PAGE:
Hasn't voted

Interesting, but you didn't mention the Hood River County sheriff, the Crag Rats, or what happens on the east side. Another question: are the AMR people technically qualified to reach somebody anywhere on the mountain? Also, on nice days PMR people are sometimes already on the mountain, recognizably attired in PMR-logoed outerwear and equipped with radios tuned to SAR frequencies.

Correction: the helicopter crash happened in May, 2002.
Posted Feb 13, 2006 3:35 pm

ReachandTreatRe: Nice article

ReachandTreat

Hasn't voted

I don't know the process for what happens on the east and north sides, so I havn't yet put that info up. The RAT Team is trained at a minimum to be able to climb Grade II, Class 2. Many of our members are trained for much harder routes. We can scrub at any time conditions become too dangerous. This may sound harsh, but my safety comes first and foremost, then my partners, then my teams. Yes, PMR does have ready teams on the mountain on most weekends, and sometimes during the week. They are a great resource, and we are quite happy to work with them. Here at AMR, we like to say we access the patient, then wait for others to come rescue us and the patient. I have noted and corrected the article in regards to the crash date. And I will continue to update the article as more information becomes available to me. If you have info about the crag rats and Hood River Sheriff, please forward it to me in a PM so I can make the updates.

Thanks,
Jesse
Posted Feb 14, 2006 4:34 pm

AndyNice Work!

Andy

Voted 9/10

This is a very good article to start out the new version of SummitPost. I was curious to see what type of stuff people would post and I think your article makes a very nice example of an applicable/interesting/well-written article for future posters. Thanks.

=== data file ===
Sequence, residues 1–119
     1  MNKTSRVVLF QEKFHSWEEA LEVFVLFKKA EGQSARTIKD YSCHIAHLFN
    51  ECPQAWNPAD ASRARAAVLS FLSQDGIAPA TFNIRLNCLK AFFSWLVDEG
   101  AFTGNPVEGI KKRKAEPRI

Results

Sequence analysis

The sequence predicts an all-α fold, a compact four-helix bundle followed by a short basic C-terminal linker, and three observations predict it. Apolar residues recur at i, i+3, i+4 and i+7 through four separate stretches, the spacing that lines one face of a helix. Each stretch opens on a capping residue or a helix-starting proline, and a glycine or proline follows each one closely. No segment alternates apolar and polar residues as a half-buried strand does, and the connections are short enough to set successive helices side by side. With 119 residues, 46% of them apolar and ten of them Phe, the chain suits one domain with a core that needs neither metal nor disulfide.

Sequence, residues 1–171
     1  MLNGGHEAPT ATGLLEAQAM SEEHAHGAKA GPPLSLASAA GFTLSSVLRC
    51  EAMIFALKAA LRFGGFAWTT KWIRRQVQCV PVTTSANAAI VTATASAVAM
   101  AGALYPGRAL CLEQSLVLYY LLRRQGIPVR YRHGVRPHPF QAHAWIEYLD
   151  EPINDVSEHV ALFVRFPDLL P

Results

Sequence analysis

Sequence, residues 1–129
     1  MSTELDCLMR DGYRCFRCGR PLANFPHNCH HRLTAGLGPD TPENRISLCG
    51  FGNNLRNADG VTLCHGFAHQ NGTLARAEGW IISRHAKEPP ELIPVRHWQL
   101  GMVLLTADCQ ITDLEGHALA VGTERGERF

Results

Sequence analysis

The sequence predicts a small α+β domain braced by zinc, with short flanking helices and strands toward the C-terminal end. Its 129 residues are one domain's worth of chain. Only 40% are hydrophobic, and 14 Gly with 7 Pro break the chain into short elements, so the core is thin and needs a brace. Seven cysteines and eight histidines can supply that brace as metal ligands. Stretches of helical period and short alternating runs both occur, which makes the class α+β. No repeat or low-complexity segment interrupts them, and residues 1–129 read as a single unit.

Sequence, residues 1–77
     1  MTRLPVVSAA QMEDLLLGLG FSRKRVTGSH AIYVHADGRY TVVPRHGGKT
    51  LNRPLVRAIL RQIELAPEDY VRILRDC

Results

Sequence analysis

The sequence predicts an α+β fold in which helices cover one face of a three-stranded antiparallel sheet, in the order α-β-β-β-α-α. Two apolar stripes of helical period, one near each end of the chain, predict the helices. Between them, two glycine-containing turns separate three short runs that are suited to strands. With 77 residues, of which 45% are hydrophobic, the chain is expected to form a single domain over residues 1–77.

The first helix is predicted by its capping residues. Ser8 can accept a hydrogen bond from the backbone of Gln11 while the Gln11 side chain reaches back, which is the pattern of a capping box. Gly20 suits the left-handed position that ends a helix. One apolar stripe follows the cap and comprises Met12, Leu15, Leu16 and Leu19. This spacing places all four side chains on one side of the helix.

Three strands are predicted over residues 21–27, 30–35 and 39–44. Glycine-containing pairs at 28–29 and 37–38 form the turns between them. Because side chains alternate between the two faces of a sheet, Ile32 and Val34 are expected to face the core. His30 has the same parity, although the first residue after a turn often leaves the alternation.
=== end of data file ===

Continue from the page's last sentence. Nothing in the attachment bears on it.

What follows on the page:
Posted Feb 13, 2006 7:11 pm

jdavies212$

jdavies212

Hasn't voted

Amazing amount of resources, effort and manpower. Who pays?
Posted Feb 23, 2006 5:12 am

ReachandTreatRe: $

ReachandTreat

Hasn't voted

Most of the resources are volunteer. AMR's Reach And Treat team members are already on shift as ambulance providers, and are payed by AMR through the SAR event. They do not charge for rescue, however, they do charge you to be transported in the ambulance if you need it. I believe if you are found to be negligent, you can be charged for your rescue, but i'm not positive on this. I know you can be fined for climbing without either a cell phone or Mountain Locator Unit. We are very lucky to have so many volunteers willing to drop everything to help others.
Posted Feb 24, 2006 8:26 am

firewriterRAT teams Rock

firewriter

Voted 8/10

As a volunteer firefighter, I deal with RAT crews on a regular basis. I don't get up on the technical routes anymore, but I have seen them in action on many backcountry rescues. They are great guys with great skills, and climbers are lucky to have them as a resource in case of emergency.
Posted Jul 29, 2012 7:16 pm

Viewing: 1-6 of 6